Re-defining marriage?


With British society ever more liberal and irreligious, legalising same-sex marriage was expected

The political furore over UK Government plans to allow same-sex marriage betrays realities on the ground that show fewer couples are married than ever before, greater numbers co-habiting and an increase in people classifying themselves as single. At the same time the Church’s claims of defending the concept of marriage appear pretty misplaced when the numbers calling themselves Christians has dropped off significantly while the number of people with no religion at all has nearly doubled.

Initial results from last year’s census show that for the first time ever, the majority of Britons were unmarried in 2011. The percentage of married couples fell from 51% to 47%. Over a third (35%) of the population classed themselves as single, an increase of 5% in 10 years. Christianity saw a drop-off in membership, with a 12% decrease between the censuses of 2001 and 2011, and 14m people now consider themselves without a religion – up from 7.7m in 2001.

These are the social trends that provide the context to Government plans for same-sex marriage under equalities legislation. With British society becoming ever more liberal and irreligious – indeed trends that are reflective of societal tendencies across the western world – legalisation to legalise same-sex marriage was to be expected.

A quote from the Home Office Factsheet on Equal Marriage legislation exemplifies this:

As society has changed, so it [marriage] has changed, and become available to an increasingly broad range of people. In fact, if the history of marriage in this country tells us anything, it is that its defenders have had at times needed to be reformers.

Thus perversely the Government suggests it is defending the concept of married life by legislating same-sex marriage.

While the British Government has made certain provisions that mean no religious organisation or individual minister will be forced to conduct marriage ceremonies for same-sex couples, history shows exemptions in law are invariably challenged.  And although the Government claims the exemptions allow freedom of religion, establishing same-sex marriage legislation explicitly priorities the right to gay marriage over clear religious injections against it.

This liberal extremism is an inevitability for Muslims living in places like Britain. Therefore as Muslims we must have a strong sense of our own values; what are the lines we will not cross, otherwise we will slowly be overtaken by liberal pressure to trade away our own identity.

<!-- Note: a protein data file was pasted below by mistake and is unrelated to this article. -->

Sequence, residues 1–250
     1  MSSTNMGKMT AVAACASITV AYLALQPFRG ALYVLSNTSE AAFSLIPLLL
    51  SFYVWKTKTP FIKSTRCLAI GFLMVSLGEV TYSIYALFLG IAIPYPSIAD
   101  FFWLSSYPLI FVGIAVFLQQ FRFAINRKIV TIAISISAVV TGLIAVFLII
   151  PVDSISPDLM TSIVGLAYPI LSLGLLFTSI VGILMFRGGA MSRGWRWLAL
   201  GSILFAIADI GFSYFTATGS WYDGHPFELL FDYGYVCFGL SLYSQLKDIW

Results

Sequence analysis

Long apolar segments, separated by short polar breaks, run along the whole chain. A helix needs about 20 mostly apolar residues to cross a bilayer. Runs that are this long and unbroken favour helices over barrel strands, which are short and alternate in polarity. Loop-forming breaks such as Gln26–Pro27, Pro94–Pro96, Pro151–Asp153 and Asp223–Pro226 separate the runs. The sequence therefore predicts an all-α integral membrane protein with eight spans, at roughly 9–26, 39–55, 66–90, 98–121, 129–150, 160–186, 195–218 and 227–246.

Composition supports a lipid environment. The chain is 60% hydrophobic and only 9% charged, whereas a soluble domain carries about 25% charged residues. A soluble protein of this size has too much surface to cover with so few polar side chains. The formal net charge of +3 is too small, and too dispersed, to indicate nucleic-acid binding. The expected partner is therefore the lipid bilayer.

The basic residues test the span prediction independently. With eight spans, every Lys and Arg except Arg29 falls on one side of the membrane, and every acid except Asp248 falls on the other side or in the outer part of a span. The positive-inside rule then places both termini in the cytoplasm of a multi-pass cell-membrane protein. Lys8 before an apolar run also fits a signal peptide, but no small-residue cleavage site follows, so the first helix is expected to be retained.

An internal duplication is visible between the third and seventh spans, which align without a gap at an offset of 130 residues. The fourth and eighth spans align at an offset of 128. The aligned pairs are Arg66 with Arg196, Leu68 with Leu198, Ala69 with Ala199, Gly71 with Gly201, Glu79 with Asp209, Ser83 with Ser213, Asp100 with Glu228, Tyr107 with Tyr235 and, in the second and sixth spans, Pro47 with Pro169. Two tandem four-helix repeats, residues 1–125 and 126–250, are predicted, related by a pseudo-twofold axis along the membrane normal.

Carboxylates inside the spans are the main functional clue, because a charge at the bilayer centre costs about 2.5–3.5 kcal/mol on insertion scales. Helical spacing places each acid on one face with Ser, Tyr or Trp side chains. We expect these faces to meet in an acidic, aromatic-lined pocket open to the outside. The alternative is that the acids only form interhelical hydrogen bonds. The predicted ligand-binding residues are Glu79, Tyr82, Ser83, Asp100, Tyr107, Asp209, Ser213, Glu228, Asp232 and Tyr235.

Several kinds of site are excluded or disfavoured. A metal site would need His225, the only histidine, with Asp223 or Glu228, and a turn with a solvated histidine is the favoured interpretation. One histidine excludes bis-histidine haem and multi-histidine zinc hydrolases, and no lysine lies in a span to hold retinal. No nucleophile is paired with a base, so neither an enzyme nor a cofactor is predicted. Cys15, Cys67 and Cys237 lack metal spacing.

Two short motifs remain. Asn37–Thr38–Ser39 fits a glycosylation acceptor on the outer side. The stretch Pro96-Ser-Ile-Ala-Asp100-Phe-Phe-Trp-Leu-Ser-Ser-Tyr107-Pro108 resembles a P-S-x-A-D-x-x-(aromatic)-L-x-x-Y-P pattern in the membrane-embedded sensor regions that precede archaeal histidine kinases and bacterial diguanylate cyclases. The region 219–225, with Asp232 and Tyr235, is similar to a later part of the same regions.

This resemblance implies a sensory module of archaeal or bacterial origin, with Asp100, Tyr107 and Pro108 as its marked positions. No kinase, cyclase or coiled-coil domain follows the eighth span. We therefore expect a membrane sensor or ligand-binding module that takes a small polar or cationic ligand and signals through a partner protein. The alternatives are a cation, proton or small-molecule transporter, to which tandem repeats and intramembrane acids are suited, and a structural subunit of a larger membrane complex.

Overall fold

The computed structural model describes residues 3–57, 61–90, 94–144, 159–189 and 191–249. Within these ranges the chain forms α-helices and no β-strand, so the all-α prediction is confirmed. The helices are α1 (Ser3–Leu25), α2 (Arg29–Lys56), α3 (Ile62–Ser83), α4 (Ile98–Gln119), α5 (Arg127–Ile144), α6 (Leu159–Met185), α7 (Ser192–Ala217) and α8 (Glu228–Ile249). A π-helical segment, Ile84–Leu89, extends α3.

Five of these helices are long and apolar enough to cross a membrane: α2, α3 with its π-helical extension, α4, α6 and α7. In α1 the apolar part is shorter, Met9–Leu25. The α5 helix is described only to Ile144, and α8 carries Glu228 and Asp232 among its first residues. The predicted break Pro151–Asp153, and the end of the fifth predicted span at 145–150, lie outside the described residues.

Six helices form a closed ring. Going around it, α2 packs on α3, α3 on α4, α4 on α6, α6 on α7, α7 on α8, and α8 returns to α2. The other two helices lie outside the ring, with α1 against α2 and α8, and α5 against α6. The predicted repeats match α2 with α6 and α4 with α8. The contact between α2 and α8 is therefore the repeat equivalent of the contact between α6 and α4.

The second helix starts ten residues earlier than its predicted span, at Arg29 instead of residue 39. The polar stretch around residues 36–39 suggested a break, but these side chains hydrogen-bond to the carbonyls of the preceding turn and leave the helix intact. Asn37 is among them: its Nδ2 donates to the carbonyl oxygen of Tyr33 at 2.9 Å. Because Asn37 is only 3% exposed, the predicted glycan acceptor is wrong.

In Islam marriage is the bedrock of the social system. Marriage in Islam is not merely for the fulfilment of desires but serves the purpose of ensuring the survival of the human race. This therefore restricts sexual relations between male and female only; which are satisfied only after marriage.

Allah (swt) said: “Oh mankind! Be dutiful to your Lord, Who created you from a single person, and from him created his wife, and from them both He created many men and women” [An-Nisa:1]

He (swt) says: “And We created you in pairs” [An Naba: 8]

It goes without saying that homosexual relations (“married” or otherwise) are forbidden in Islam and considered a great crime.

Married life therefore serves the purpose of securing the family – husband, wives and children – and anything that will jeopardise this from fornication to adultery is abhorrent and punishable. This protects the family unit and society at large from break down that is inevitable if sexual relations are allowed to run loose.

Thus it is unsurprising the census also revealed that of all religions Islam saw the biggest growth in the country with additional 1.2 million Muslims to 2.7 million Muslims in 2011 – 5% of the population – up 1.8 percentage points in the past decade. Increasing numbers are therefore seeing the break down of marriage, family values and irreligiousness in Britain as a spur to find an alternative in Islam. A strong Muslim community that lives and upholds the values of Islam in an uncompromising way, challenging wrongs and standing up justice can only further this Da’wa (call to Islam).

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